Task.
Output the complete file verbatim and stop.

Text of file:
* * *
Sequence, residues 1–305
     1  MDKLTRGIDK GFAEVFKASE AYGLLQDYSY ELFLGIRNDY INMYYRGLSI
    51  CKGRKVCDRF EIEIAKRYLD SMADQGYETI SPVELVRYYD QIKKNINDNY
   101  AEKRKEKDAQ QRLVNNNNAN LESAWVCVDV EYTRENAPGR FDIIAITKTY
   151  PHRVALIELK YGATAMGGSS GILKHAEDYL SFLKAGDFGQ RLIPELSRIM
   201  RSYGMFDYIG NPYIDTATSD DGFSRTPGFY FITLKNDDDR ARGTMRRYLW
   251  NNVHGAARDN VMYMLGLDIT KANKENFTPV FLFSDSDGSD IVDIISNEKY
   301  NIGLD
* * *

Sequence, residues 1–305
     1  MDKLTRGIDK GFAEVFKASE AYGLLQDYSY ELFLGIRNDY INMYYRGLSI
    51  CKGRKVCDRF EIEIAKRYLD SMADQGYETI SPVELVRYYD QIKKNINDNY
   101  AEKRKEKDAQ QRLVNNNNAN LESAWVCVDV EYTRENAPGR FDIIAITKTY
   151  PHRVALIELK YGATAMGGSS GILKHAEDYL SFLKAGDFGQ RLIPELSRIM
   201  RSYGMFDYIG NPYIDTATSD DGFSRTPGFY FITLKNDDDR ARGTMRRYLW
   251  NNVHGAARDN VMYMLGLDIT KANKENFTPV FLFSDSDGSD IVDIISNEKY
   301  NIGLD